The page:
06 February 2012

Read-Write Locks

Using locks inevitably serializes a multiprocessed/multithreaded application. Now this would not be a problem if the locks are gotten for very short periods of time. However, if not, the whole advantage of parallel processing is lost. A solution for that are read-write locks. Data can be read by multiple threads/processes in parallel, so as long as no process/thread modifies the data, it would be ok. For this situation, read-write locks can be used.
The way these work is as follows:
Read-Write locks actually contain 2 locks, a read lock and a write lock. The write lock is set when a process/thread is writing, while the read lock is incremented when  a process/thread is reading, and decremented when done.
To avoid reading while the data is being written, a reader gets the write lock. Once the lock is gotten, the read lock is incremented and the write lock is released again. This way, the write lock is only set for a very short time amount of time.
To avoid writing while the data is being read, a writer first gets the write lock. This will prevent any new reader to continue reading the data. The writer then waits until the reader lock decrements to 0, meaning that all readers who had the lock before the write lock was gotten, finish reading. After this, the data is modified, and then the write lock is released again, allowing the readers who were waiting for the write lock to continue their processing.
Here's the code for it (I won't add the implementation for the get_lock and release_lock function, to save space, and because I am lazy to write it here).
The Lock structure is easy, it basically looks like this:
typedef struct {
    volatile int read;
    volatile int write;
} rwlock_t;
Function for getting the read lock. The function increases the read lock, with the write lock gotten.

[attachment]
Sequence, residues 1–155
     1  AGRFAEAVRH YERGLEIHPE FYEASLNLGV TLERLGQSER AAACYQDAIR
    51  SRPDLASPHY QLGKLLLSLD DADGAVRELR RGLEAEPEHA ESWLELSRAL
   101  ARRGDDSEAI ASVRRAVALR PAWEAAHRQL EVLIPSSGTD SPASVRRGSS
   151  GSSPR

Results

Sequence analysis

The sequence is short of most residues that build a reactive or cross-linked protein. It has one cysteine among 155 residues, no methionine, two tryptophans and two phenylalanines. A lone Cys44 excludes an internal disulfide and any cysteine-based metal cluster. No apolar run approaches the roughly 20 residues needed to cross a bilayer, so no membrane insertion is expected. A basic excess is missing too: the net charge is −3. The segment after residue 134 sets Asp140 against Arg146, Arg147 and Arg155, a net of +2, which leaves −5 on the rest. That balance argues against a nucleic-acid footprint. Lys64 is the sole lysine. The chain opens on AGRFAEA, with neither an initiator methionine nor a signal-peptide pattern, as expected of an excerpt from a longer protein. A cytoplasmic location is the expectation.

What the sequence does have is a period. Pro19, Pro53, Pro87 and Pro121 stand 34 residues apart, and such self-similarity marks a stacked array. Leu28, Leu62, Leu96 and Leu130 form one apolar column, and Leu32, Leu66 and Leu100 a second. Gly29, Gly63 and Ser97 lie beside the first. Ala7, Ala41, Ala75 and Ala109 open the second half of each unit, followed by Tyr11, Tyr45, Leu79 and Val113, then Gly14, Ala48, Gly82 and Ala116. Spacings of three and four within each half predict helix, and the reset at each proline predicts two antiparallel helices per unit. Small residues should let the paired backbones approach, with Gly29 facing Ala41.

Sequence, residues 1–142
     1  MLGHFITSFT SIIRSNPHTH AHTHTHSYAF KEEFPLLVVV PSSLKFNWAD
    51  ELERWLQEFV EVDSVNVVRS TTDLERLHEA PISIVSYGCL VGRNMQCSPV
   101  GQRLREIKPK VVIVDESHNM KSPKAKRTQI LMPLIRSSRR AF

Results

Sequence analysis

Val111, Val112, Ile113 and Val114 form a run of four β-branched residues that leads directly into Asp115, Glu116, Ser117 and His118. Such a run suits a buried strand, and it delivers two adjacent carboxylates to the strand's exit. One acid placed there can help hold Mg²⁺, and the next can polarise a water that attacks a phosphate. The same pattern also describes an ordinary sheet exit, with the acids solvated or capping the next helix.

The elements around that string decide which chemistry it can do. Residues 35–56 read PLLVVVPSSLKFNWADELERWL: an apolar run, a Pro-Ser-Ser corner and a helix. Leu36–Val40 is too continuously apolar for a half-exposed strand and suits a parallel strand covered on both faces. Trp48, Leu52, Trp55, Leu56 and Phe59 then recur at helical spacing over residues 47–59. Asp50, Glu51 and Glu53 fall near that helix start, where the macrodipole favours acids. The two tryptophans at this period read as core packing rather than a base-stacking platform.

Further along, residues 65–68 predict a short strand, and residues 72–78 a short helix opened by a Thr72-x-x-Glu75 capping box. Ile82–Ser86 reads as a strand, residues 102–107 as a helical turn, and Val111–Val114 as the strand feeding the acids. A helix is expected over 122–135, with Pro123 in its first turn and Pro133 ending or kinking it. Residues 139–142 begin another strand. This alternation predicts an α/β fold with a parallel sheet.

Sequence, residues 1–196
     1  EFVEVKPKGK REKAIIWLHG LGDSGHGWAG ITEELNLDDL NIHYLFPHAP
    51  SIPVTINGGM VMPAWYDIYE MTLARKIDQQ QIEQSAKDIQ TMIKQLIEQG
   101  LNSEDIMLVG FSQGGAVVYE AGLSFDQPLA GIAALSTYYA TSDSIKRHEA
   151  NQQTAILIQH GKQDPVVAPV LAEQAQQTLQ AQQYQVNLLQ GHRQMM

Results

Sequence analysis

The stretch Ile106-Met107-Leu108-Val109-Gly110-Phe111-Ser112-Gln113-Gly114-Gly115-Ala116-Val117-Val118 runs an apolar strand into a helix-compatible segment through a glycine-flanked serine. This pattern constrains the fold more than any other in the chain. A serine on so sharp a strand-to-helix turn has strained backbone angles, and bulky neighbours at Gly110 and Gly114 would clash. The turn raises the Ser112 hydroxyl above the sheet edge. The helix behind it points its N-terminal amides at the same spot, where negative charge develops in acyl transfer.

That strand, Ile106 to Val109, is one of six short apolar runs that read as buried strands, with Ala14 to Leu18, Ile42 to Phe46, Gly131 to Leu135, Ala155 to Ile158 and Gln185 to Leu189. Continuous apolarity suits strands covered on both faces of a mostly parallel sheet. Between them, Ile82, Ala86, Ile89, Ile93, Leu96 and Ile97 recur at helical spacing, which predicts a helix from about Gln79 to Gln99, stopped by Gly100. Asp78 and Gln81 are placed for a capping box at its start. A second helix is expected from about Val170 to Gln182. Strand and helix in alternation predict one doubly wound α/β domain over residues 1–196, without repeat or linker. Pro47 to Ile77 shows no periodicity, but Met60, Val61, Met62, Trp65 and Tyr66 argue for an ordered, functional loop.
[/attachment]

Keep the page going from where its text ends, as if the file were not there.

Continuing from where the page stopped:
void rwlock_get_rd(rwlock_t *lock)
    lock->rd += 1;
Function for releasing the read lock. The function just decrements the read lock.
void rwlock_release_rd(rwlock_t *lock)
    lock->rd -= 1;
Function for getting the write lock. The function also waits for all the readers to finish. The get_lock_no_set function is almost the same as get_lock function, the difference being that this one doesn't modify the lock, it just waits for the lock to be 0 and then returns.
void rwlock_get_wr(rwlock_t *lock) 
Function for releasing the write lock.
void rwlock_release_wr(rwlock_t *lock) 
Here's what would happen if you use this kind of locks. The writer has to have both locks when it writes, and while it does, both readers have to wait for it to finish before reading. The timeline shows an application with 3 reader threads and one writer (I know, the 'drawing' is bad, but meh, it's what I could come up with at one in the morning ....)
______________________________________________________________________________ Reader 1 | RD | -========= -========== -=========== | WR | -= -= -------------= ______________________________________________________________________________ Reader 2 | RD | -========= -=========== -=========== | WR | --= -= ------------= ______________________________________________________________________________ Reader 3 | RD | -========= -=========== -=========== | WR | -= -= ------------= ______________________________________________________________________________ Writer | RD | ---------============= | WR | -====================== ______________________________________________________________________________ - thread waits for lock = thread has lock

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